Last week, tin on the London Metal Exchange made a new 16-month low at $18,400/million tons. Through the first half of the year Tin prices stayed, pretty much, horizontal. However, a rising dollar and a falling commodities market finally weighed down tin, making prices fall 20% in the second half of the year.
For most analysts this price drop has been a surprise. However, we have pointed out, since the beginning of the year, that there was no reason to take long positions on tin until the picture changed. Until now, the picture has only changed from bad to worse. A strong dollar was already putting pressure on metal prices and on top of that, the recent drop in crude oil drove every commodity down.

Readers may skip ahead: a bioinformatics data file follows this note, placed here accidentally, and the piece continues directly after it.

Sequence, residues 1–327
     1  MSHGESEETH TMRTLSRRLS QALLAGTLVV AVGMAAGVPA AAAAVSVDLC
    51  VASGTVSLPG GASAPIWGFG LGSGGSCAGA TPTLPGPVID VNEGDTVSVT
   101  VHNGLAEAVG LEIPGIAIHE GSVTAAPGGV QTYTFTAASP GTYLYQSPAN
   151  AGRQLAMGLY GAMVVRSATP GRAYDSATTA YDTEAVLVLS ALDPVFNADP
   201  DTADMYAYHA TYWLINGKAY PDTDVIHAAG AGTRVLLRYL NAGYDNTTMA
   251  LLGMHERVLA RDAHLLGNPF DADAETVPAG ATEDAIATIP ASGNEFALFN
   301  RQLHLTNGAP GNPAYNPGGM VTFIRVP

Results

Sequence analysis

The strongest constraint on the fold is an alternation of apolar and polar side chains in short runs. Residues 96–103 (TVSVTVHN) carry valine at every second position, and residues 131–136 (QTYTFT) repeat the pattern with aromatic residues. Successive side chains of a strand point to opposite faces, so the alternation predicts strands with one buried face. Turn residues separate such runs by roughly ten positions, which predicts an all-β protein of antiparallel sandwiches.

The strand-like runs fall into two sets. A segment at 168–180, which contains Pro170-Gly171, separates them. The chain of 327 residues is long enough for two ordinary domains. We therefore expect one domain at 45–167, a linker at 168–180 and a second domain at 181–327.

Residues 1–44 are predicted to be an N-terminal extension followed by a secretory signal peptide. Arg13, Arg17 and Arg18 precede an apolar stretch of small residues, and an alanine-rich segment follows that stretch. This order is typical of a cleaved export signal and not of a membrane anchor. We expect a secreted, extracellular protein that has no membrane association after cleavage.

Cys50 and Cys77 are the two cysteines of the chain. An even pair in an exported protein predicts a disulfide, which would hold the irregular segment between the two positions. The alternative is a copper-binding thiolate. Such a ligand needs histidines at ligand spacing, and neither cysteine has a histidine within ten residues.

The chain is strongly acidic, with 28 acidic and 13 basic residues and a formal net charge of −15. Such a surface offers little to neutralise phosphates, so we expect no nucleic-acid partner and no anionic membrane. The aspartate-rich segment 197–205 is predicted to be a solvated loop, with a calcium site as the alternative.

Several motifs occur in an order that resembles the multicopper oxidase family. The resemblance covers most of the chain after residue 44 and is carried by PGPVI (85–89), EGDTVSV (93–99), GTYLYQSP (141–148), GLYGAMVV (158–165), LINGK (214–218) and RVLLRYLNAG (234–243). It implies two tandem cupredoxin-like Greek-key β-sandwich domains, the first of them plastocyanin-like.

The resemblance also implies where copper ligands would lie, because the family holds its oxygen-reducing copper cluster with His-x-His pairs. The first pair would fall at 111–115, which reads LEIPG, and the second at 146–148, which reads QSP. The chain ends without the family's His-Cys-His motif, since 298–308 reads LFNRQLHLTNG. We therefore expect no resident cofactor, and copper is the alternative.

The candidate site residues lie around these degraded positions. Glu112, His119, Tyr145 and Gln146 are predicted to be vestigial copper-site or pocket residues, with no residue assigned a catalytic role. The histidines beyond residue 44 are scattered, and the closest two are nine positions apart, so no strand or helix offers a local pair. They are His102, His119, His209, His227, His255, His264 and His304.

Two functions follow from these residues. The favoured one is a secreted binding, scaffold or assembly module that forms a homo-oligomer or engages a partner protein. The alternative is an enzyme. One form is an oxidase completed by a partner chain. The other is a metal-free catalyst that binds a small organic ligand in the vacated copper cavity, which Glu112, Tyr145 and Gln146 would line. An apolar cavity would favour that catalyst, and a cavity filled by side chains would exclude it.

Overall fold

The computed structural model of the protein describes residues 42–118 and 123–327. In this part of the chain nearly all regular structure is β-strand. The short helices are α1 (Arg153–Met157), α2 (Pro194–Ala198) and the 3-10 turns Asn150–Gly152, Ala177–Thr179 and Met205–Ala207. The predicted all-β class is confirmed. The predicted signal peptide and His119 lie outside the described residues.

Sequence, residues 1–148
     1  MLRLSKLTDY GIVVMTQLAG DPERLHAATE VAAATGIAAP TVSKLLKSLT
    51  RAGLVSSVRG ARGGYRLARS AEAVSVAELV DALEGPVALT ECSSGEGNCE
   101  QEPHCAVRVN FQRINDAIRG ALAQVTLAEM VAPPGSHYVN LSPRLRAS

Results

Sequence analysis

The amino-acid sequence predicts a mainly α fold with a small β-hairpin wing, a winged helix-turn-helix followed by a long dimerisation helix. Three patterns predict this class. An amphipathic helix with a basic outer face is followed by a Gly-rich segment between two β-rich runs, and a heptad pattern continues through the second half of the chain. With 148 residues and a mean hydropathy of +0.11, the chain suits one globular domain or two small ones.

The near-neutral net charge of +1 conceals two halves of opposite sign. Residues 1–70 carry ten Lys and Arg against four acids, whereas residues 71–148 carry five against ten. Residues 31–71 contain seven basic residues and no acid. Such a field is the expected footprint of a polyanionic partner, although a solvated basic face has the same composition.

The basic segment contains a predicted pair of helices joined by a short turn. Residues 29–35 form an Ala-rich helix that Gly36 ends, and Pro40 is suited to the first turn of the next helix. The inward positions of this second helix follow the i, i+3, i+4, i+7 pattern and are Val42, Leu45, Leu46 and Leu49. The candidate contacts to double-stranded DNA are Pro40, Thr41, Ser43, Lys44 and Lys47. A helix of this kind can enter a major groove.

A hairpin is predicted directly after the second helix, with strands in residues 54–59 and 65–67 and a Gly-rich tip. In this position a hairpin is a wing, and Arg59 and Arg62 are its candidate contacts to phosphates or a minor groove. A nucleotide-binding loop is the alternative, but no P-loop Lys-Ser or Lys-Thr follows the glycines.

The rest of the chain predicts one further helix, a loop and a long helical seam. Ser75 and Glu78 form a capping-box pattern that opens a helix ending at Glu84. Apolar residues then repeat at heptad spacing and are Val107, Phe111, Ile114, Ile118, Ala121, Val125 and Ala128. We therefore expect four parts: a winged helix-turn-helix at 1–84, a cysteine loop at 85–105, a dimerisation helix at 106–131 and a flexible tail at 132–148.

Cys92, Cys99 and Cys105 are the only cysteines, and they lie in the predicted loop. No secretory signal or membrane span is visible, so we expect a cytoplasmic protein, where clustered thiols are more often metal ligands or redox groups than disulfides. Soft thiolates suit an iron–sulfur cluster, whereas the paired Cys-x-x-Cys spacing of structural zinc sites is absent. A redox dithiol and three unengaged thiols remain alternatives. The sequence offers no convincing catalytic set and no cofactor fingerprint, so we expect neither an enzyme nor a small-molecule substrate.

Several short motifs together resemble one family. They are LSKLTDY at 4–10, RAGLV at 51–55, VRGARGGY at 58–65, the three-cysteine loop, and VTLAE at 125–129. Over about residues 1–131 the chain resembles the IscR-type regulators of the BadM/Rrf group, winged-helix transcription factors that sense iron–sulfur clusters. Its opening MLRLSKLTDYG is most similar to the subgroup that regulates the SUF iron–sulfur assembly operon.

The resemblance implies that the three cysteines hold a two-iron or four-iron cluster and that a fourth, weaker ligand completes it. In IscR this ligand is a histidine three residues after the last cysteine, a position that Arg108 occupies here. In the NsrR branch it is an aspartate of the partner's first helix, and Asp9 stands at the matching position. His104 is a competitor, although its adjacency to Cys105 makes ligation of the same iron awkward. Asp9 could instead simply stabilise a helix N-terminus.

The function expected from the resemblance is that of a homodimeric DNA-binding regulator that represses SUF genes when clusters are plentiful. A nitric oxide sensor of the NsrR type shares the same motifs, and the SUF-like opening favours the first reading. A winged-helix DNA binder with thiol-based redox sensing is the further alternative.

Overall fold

As always, it is hard to tell where prices will go from now and we don’t necessarily need to worry about that. The only thing buyers need to know is how they should act based on the current state of the market, and right now nothing indicates that buyers should take long-term tin positions. In a falling market, what looks cheap might become even cheaper. Industrial buyers need to stop listening to opinions and have a plan so they will be ready to hedge at the right time.